The most recent official poverty measure estimates indicate that 12.3 percent of the population of the United States, 39.7 million people, were poor in 2017.
The estimates were released by the U.S. Census Bureau in September 2018 in the report, Income and Poverty in the United States: 2017.
- U.S. Poverty Rates by State and Territory
U.S. Poverty Rates by Age
Children had the highest poverty rate of the three major age groups shown in Figure 1, with 12.8 million children—17.5 percent of U.S. children—in poverty in 2017.
Figure 1. The U.S. poverty rate in 2017 was highest among children.
U.S. Poverty Rates by Age and Sex
In 2017, 13.6 percent of females and 11.0 percent of males in the United States were poor. Gender differences in poverty are even greater for adults in the 18 to 64 and 65+ groups, as shown in Figure 2.
Figure 2. Poverty rates differ most between the sexes for 18-64 and 65+ age group : 2017.
U.S. Poverty Rates by Race/Ethnicity
Poverty rates often differ not only by age and sex by also by race. Figure 3 shows the differences in 2017 for four major racial and ethnic groups. Among the groups, African Americans had the highest poverty rates at 21.2 percent. Hispanic poverty rates also were high, 18.3 percent.
Figure 3. Poverty rates among African Americans are more than twice those of non-Hispanic white and Asian Americans: 2017.
Notes: Data on poverty among persons self-identified as Asian before 2003 are not available. “Hispanic” means Latin American descent (typically Cuban, Mexican, or Puerto Rican) but carries no racial designation
U.S. Poverty Rates by Family Type
As Figure 4 shows, in 2017 families headed by married-couple families had the lowest poverty rate at 4.9 percent and single-mother families had the highest at 25.7 percent, more than five times the rate of families headed by married couples and twice the rate of single-father families.
Figure 4. Poverty among single-parent families, especially those headed by a single mother, was highest among family types: 2017.
U.S. Poverty Rates by Region
Poverty rates differ by region of the United States, with the South having a higher rate than the Northeast, Midwest, and West in 2017, as shown in Figure 5.
Figure 5. Poverty rates in the South were higher than the rest of the United States: 2017.
U.S. Poverty Rates by Work Experience
Comparing 2017 poverty rates among people of working age (ages 18 to 64) shows that people who didn’t work at least one week had by far the highest poverty rate at 30.7 percent and full-time workers had the lowest rate at 2.2 percent. All workers combined had a poverty rate of 5.3 percent; 2.2 percent of people working full time were poor, as were 13.4 percent of people working part-time.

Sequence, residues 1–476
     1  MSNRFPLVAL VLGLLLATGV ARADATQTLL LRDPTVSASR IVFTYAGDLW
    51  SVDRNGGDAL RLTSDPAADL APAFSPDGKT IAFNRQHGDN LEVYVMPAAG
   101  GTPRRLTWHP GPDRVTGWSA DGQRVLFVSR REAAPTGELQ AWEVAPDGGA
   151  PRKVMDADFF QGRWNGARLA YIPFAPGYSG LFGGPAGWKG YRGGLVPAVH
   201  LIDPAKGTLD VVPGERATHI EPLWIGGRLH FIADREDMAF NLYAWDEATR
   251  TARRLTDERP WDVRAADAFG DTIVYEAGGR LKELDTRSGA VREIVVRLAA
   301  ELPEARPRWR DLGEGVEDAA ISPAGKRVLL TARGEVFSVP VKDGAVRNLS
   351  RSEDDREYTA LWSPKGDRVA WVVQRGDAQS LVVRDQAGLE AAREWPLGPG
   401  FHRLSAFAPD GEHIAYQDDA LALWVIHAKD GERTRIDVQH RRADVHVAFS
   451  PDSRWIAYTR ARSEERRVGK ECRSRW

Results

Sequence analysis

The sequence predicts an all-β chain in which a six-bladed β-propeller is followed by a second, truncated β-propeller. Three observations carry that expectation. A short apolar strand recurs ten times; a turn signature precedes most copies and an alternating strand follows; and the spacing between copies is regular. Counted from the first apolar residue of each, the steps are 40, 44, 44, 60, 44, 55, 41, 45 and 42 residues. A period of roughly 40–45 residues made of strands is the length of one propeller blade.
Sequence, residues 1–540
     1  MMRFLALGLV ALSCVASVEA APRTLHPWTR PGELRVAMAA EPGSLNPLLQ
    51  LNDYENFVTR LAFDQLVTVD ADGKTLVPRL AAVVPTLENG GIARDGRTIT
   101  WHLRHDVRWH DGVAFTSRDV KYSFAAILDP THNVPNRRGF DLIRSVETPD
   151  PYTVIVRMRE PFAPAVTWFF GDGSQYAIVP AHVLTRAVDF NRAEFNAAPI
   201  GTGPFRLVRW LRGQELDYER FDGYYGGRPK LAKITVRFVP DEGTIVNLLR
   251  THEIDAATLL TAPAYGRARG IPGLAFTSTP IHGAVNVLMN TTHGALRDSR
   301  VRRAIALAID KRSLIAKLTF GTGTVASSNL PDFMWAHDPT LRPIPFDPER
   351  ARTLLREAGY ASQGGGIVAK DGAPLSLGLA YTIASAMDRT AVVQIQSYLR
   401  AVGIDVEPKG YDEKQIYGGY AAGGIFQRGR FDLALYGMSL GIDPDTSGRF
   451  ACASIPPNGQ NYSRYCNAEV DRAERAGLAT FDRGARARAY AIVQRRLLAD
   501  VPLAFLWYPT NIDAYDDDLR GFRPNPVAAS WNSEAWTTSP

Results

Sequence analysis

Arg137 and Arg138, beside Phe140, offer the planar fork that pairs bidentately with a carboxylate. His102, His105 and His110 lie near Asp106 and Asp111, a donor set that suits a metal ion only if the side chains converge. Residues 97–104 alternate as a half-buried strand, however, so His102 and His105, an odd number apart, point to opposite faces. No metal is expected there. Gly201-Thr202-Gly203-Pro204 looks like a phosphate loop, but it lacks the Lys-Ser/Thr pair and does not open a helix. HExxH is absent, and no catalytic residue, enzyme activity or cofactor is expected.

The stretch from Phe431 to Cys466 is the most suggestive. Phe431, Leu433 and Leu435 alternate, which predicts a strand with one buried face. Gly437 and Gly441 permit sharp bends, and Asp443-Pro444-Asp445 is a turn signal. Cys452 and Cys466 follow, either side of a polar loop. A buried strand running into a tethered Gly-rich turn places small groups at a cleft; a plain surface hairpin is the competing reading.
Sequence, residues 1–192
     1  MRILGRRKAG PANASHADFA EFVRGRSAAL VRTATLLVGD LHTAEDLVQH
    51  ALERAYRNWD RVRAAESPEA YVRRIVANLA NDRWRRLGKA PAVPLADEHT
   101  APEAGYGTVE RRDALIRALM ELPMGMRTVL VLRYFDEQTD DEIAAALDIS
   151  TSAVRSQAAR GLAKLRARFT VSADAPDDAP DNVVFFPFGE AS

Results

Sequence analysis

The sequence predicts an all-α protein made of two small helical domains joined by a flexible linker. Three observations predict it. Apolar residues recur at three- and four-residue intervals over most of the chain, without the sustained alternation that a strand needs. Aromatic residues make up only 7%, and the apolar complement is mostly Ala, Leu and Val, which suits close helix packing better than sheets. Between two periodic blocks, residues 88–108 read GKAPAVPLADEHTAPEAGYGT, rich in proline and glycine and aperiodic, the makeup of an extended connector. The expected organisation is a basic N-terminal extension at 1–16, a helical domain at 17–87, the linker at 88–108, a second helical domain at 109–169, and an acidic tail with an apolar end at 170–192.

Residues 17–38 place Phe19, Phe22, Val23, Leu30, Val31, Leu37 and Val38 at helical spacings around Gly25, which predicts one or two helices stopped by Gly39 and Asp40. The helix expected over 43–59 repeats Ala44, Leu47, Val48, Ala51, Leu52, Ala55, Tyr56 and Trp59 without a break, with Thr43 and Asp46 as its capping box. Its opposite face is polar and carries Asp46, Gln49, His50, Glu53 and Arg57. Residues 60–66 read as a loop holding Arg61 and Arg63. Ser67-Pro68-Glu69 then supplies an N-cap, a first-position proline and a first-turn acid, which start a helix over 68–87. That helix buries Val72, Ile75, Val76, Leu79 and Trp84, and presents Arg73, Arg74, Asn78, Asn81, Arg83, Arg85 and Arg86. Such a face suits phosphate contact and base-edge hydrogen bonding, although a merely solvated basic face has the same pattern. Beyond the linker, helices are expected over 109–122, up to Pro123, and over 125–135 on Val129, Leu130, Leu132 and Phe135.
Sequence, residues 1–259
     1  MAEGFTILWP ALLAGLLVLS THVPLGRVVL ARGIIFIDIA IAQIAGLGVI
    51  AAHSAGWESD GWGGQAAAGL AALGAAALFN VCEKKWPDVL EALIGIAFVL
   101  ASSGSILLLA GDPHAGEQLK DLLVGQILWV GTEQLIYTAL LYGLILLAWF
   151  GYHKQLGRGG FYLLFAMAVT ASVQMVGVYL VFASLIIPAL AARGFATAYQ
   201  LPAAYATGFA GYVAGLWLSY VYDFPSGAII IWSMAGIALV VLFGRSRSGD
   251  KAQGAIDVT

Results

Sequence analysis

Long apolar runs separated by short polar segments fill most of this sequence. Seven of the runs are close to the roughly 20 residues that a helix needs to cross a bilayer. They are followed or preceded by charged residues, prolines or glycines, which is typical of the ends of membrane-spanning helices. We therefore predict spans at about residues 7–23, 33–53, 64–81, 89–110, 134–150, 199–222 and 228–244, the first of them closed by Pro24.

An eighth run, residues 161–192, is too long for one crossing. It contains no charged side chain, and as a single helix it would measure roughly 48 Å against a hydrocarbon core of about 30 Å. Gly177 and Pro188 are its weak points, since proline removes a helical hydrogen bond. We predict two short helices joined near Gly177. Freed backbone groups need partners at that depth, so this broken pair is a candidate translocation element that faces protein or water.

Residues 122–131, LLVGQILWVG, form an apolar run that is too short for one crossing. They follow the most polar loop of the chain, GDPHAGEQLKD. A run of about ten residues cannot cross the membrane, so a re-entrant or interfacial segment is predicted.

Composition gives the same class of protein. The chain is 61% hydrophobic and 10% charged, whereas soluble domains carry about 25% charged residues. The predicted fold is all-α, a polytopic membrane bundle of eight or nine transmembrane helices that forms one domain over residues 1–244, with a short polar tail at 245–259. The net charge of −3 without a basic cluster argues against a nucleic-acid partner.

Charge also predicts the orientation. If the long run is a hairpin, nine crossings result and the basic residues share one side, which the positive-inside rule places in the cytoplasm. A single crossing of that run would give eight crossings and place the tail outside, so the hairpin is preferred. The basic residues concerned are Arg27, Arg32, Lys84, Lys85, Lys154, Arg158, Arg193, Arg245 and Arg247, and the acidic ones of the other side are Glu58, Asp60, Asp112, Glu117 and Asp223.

Figure 6. Poverty among workers aged 18 to 64 was lowest for those who worked full-time, year round and highest for those who did not work at all: 2017.
U.S. Poverty Rates by Disability Status
In 2017, among people between the ages of 18 and 64, those with a disability made up 7.6 percent of all people, compared with 16.9 percent of people aged 18 to 64 in poverty.
Figure 7. The poverty rate in 2017 of people between the ages of 18 and 64 with a disability was much higher than that for all people that age without a disability.
U.S. Poverty Rates by Educational Attainment
The more education a person has, the less likely he or she is to be poor. For example, people with a bachelor’s degree or higher had a poverty rate of 4.8 percent compared to people who didn’t finish high school who had a poverty rate of 24.5 percent. Figure 8 shows the 2017 poverty rates of groups by level of education.
Figure 8. People with a college degree have much lower poverty rates than people with less education: 2017.
U.S. Poverty Data Source
The official poverty estimates noted in this FAQ are drawn from the Current Population Survey Annual Social and Economic Supplement (CPS ASEC), a survey conducted every year in February, March, and April with a sample of approximately 100,000 addresses.
The Census Bureau also reports income and poverty estimates from a number of other major national household surveys and programs, but those included here are the official estimates often cited by advocates, researchers, and policymakers.
The data for all figures in this FAQ were from the U.S. Census Bureau report, Income and Poverty in the United States: 2017.